Investment Bank Culture: A few 'Bad Apples' or a 'Bad Apple Machine' ?

Bloomberg reported this week that a number of banks are having difficulties hiring managers for senior roles in banks as new rules, such as the Senior Manages Regime, come into force. These new rules mean that bankers in job functions with senior level responsibility face potential personal liability for wrongdoings and conduct failures under their watch. Not surprisingly the thought of being led away in handcuffs, or paying personal fines, based on the action of a few rogue traders or salespeople somewhere in your department has a way of focusing the mind.

Naturally senior bankers are nervous. Already charged with the difficult job of navigating the complex and chaotic waters of financial markets, they now potentially face personal liability for the wrongdoing of others. The risk does not end there either; the liability remains for a further 6 years after they leave the role. Our own private conversations with banks reveal that the problems of hiring people for senior roles is actually a much bigger issue than the headlines suggest. Many of these roles are being treated like a 'hot potato', with fast turnover and people imposing their own glass ceilings for fear of becoming someone with 'Senior Manager Functionality'. Hiring people with suitable credentials and knowledge is a tough enough challenge, this is making it significantly tougher. However, there is another less obvious point arising from this which is getting less attention: People from inside banks are avoiding these roles and that reveals something about the banking industry which should be taken notice of. The current system and culture in most banks potentially still cultivates and fosters the very ‘conduct risks’ which banks need to avoid. Despite all the billions spent on mandatory training, monitoring and surveillance, the root of the problems has not yet been adequately tackled. People inside banks know that the problems of recent years were not so much about a few ‘bad apples’, but rather about a ‘system’ which creates ‘bad apples’, and allows ‘bad apples’ to thrive.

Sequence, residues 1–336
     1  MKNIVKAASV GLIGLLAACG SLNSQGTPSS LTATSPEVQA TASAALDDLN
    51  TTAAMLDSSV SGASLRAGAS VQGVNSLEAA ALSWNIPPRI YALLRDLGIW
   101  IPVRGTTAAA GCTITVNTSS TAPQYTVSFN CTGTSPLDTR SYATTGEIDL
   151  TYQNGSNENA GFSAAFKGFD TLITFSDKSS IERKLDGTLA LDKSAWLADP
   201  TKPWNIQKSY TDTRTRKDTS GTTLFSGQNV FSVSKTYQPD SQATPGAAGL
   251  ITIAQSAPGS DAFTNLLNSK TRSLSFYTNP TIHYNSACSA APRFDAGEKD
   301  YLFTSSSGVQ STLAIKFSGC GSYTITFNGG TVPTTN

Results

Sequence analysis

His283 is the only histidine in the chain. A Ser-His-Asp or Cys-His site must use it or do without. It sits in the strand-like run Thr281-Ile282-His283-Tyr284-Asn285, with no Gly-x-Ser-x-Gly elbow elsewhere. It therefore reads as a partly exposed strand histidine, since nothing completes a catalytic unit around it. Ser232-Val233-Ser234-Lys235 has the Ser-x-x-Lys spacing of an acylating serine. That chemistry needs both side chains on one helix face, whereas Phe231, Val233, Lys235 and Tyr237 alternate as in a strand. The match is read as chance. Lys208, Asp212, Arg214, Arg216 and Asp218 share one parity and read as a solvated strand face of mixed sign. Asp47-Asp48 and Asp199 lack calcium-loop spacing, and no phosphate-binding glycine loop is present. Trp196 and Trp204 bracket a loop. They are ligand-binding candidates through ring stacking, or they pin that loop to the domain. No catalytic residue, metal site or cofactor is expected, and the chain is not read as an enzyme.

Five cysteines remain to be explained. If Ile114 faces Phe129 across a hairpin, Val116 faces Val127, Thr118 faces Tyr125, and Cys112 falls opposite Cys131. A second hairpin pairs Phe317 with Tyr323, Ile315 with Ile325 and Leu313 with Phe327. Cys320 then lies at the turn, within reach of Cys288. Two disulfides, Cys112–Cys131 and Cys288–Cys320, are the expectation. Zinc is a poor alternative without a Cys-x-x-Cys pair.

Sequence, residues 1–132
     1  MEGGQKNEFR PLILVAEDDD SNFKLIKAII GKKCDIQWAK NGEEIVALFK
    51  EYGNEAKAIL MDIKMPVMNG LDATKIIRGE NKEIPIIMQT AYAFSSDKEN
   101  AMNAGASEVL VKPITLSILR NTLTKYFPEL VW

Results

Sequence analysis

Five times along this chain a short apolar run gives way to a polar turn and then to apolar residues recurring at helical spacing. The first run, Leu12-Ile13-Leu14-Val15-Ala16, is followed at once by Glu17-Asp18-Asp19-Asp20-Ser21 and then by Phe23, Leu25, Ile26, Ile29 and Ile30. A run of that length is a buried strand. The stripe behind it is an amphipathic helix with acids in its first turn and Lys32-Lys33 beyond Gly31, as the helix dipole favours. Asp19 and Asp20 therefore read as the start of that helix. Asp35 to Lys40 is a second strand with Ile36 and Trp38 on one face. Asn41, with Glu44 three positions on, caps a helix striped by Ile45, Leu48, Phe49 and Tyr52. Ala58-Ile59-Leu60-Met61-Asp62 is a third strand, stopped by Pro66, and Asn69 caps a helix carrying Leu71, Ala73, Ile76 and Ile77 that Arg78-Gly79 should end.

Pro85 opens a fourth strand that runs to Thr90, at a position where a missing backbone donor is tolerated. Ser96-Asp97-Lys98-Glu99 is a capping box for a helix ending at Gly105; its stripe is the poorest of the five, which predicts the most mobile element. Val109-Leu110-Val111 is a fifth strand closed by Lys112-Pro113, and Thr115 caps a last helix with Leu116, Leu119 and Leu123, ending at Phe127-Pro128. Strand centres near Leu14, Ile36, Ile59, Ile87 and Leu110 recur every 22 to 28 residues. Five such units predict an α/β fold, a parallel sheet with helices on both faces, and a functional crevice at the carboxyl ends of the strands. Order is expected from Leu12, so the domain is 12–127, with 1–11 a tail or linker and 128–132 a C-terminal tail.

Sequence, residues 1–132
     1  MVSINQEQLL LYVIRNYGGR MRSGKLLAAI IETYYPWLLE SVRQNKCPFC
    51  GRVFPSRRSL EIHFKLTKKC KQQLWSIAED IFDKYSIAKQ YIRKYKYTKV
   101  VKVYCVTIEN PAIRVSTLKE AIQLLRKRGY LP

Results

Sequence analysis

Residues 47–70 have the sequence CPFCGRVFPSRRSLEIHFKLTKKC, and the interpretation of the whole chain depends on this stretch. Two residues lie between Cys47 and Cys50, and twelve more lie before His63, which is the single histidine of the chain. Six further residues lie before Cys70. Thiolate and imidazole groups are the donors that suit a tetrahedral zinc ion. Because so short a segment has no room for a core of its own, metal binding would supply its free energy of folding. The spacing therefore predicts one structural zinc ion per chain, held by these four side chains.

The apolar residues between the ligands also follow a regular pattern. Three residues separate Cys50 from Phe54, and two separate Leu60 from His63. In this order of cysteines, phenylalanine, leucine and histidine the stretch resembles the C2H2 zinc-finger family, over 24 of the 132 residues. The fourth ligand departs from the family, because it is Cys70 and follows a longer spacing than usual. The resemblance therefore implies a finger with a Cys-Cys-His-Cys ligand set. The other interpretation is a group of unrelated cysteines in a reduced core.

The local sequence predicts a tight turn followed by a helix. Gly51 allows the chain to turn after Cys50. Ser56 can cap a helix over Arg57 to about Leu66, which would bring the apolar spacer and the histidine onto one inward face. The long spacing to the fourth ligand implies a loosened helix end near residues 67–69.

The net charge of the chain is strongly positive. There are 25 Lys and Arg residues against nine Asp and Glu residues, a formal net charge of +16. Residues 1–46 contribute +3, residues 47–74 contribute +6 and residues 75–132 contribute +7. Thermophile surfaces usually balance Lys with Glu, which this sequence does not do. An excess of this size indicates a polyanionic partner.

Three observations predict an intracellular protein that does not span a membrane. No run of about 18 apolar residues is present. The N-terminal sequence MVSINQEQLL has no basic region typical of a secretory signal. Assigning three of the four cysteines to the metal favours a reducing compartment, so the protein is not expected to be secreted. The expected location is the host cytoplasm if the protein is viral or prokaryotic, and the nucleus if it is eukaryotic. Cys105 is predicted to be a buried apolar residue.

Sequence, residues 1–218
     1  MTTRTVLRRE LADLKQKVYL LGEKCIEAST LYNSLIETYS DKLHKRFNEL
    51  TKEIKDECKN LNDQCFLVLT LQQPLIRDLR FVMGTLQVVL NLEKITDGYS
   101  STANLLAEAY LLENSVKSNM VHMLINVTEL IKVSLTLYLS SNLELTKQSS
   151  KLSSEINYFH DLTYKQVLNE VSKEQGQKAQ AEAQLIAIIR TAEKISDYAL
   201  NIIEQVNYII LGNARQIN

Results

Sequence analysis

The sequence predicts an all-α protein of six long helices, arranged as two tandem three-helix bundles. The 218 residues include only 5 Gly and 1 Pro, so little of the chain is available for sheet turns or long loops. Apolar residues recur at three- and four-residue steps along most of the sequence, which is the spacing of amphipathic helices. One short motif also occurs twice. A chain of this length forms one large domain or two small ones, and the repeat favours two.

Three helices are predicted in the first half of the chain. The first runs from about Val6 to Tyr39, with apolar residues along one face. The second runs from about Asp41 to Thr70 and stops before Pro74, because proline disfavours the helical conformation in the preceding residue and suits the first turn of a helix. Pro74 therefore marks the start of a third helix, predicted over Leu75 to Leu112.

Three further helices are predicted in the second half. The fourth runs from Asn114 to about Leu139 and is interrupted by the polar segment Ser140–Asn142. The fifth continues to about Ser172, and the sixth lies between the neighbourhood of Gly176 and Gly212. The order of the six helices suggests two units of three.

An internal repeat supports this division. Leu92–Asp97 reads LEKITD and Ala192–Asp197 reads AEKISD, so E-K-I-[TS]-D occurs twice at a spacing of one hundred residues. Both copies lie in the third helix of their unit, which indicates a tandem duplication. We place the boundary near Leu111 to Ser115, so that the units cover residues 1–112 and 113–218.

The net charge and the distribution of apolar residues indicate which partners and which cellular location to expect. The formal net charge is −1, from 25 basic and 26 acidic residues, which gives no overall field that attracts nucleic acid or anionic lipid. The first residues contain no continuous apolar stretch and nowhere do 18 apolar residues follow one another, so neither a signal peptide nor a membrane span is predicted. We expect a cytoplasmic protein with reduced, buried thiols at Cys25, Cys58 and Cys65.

What about current regulatory efforts, shouldn't that provide the confidence that Senior Managers are protected?

Banks have committed vast sums to increased compliance and regulation. The FT last year suggested some bank are committed to an ‘additional’ expenditure of up to $4 billion per year. It is believed around 30% of investment banking revenue is now absorbed by regulatory spend. And yet still the Senior Managers remain nervous. As behavioural consultants working with banks, we have held numerous conversations with people in the industry, and what we are hearing is that there still remains a high level of uncertainty as to how much safer banks are when it comes to 'conduct risk'. - In reality a repeat of further fixing scandals is incredibly low, that door is firmly bolted shut now. In addition, some banks have built excellent monitoring and surveillance systems, I am of no doubt these will help to a degree. However, financial markets are complex, volatile, uncertain, and by their nature are reinventing themselves all the time. It is possible the problems and scandals of the future may already be taking root somewhere. When these future scandals do reveal themselves, initially banks will probably dismiss them as 'unforeseen circumstances' or 'aberrations'. However, use of these terms of defence has now worn thin. The problem is that in all previous scandals and failing, usually the signs have been there all along, just they were ignored due to the revenue being generated. In all these cases, people inside had a strong sense that something wasn't right, even if they could not put their finger on exactly where it was.